Does your thesis statement deal with the story you’ve chosen?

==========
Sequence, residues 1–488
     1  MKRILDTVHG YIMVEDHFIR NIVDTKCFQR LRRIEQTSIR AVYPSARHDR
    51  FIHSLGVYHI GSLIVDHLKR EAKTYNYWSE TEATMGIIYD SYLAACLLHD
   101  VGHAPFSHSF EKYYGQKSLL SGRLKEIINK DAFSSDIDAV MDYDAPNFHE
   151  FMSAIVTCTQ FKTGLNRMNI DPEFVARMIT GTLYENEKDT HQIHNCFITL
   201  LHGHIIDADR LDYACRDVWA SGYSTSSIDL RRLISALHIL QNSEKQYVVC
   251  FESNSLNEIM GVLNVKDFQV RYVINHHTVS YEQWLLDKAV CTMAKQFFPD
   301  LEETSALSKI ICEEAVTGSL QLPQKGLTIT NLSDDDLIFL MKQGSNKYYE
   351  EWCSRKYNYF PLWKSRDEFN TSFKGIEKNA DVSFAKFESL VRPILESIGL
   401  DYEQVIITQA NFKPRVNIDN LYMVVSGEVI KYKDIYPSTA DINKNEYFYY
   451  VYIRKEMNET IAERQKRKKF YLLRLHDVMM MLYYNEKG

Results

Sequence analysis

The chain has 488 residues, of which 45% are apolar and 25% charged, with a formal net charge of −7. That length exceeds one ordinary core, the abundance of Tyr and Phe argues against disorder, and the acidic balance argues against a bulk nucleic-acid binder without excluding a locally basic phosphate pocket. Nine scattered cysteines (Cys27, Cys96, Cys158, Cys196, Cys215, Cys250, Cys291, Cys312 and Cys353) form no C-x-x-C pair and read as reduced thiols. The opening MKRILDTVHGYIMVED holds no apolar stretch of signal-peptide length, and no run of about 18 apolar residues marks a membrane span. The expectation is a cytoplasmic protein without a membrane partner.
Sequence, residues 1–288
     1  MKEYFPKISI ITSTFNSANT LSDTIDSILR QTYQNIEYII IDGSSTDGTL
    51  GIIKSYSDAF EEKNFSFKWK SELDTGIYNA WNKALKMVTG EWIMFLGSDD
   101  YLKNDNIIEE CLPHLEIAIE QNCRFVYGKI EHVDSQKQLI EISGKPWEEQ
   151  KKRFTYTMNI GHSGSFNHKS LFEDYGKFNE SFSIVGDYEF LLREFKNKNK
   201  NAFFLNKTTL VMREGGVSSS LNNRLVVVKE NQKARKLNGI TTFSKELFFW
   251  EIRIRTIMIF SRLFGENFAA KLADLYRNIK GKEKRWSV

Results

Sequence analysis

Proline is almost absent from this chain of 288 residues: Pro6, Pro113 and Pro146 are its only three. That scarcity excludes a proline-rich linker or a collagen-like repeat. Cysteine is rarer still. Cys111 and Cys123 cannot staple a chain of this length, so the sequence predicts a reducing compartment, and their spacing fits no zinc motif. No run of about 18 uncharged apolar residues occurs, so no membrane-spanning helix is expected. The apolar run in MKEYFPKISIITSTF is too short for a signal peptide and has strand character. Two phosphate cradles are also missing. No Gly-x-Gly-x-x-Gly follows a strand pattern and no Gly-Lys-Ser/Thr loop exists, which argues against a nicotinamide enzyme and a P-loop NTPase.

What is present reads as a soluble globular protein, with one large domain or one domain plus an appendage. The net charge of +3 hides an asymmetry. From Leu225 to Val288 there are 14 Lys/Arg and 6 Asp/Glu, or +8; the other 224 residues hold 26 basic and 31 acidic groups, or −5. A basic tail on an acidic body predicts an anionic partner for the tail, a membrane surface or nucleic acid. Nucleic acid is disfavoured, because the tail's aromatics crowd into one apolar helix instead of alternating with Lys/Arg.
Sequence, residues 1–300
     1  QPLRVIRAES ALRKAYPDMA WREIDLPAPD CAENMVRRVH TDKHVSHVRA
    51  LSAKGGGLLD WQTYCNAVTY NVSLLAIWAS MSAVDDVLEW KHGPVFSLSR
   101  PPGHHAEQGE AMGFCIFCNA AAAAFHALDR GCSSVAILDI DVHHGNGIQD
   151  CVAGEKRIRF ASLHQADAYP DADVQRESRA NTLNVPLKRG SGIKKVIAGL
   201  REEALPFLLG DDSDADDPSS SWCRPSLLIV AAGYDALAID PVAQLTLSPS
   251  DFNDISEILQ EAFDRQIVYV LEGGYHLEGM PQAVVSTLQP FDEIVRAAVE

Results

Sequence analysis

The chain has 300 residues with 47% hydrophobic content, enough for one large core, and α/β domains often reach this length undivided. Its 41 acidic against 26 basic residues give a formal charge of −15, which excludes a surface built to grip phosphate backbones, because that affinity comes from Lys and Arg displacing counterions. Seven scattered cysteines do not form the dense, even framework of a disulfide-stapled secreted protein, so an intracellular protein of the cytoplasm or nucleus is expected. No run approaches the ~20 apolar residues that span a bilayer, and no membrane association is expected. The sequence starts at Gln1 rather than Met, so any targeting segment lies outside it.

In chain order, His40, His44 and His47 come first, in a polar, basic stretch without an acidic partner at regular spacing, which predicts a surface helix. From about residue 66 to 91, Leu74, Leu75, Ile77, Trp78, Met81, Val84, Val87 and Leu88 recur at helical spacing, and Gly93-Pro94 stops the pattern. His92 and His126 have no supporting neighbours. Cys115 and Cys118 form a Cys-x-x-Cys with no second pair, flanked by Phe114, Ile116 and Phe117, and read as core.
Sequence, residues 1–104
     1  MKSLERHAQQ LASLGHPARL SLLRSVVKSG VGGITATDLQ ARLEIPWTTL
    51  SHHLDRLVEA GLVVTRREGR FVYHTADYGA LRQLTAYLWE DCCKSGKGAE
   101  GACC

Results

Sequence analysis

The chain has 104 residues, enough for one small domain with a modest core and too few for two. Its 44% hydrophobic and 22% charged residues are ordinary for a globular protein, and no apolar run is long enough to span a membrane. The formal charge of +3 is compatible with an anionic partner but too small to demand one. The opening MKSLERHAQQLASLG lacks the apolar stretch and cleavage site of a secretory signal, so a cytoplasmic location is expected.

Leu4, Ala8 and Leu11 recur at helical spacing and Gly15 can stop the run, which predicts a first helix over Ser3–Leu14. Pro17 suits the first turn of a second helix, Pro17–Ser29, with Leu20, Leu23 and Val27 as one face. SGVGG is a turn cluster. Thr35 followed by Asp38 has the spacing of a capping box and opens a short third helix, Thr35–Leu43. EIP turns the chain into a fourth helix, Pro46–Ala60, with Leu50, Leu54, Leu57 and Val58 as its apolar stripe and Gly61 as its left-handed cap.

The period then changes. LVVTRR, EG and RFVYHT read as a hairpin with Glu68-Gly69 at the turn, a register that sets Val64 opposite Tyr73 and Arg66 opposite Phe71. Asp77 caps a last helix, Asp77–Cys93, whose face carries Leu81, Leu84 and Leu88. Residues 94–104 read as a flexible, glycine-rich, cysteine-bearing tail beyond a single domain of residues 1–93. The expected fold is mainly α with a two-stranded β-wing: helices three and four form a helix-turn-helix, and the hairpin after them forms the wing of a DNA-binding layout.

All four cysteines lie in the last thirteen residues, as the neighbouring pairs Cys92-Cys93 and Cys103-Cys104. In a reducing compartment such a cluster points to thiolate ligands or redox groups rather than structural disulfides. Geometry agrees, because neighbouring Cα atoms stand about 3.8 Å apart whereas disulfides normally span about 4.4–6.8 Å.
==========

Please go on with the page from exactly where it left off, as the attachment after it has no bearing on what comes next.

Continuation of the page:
1. At the top of a new piece of paper, write your thesis statement. Does your thesis statement deal with the story you’ve chosen? It should. Number your thesis with the Roman numeral I. 2. Under the thesis statement, write the first body paragraph’s topic sentence. Number this II. • The topic sentence should unquestionably relate directly and explicitly to your thesis or to the paragraph before it. 3. Under the topic sentence, note in bullet form all the details from the short story and your sources (it’s okay to abbreviate these details) that directly, clearly, and unmistakably prove your topic sentence. • Every single detail should explicitly prove the topic sentence or explain a previous sentence. 4. Be sure you provide appropriate MLA documentation every time you use a source’s ideas or words 5. Use five secondary sources in your paper 6. Be sure to include a Works Cited page that includes all resources used, including our textbook for the short story. 7. This paper should be at least FOUR pages without the Works Cited page. 8. Draft a thesis and make an outline. • Make sure that your focus is to prove a point that reasonable people could disagree with or that other readers of the story might not realize without reading your paper. 9. Use a less confining, rigid thesis and an organic structure that allows you to explore your ideas thoroughly. For example: i. Symbols in “The Yellow Wallpaper” represent the oppression of women in Dr. Mitchell’s rest cure and their response. ii. Topic 1: background on women’s legal status in the late 1800s iii. Topic 2: background on the rest cure iv. Topic 3: how the house symbolizes the patient’s oppression during the rest cure a. Furniture and fittings b. Wallpaper i. How the narrator’s perception of the paper changes v. Topic 4: how the narrator’s actions at the conclusion symbolize her rebellion • Note that in the organic outline above, each of the topics/subtopics could require multiple paragraphs 10. You may want to bring in your own experience or concepts from other disciplines, such as psychology, history, philosophy, sociology, or biology, which support your argument. Examining a work through one of these lenses can yield thoughtful insights. • However, the main focus of the paper must be the story you’ve chosen from the list provided.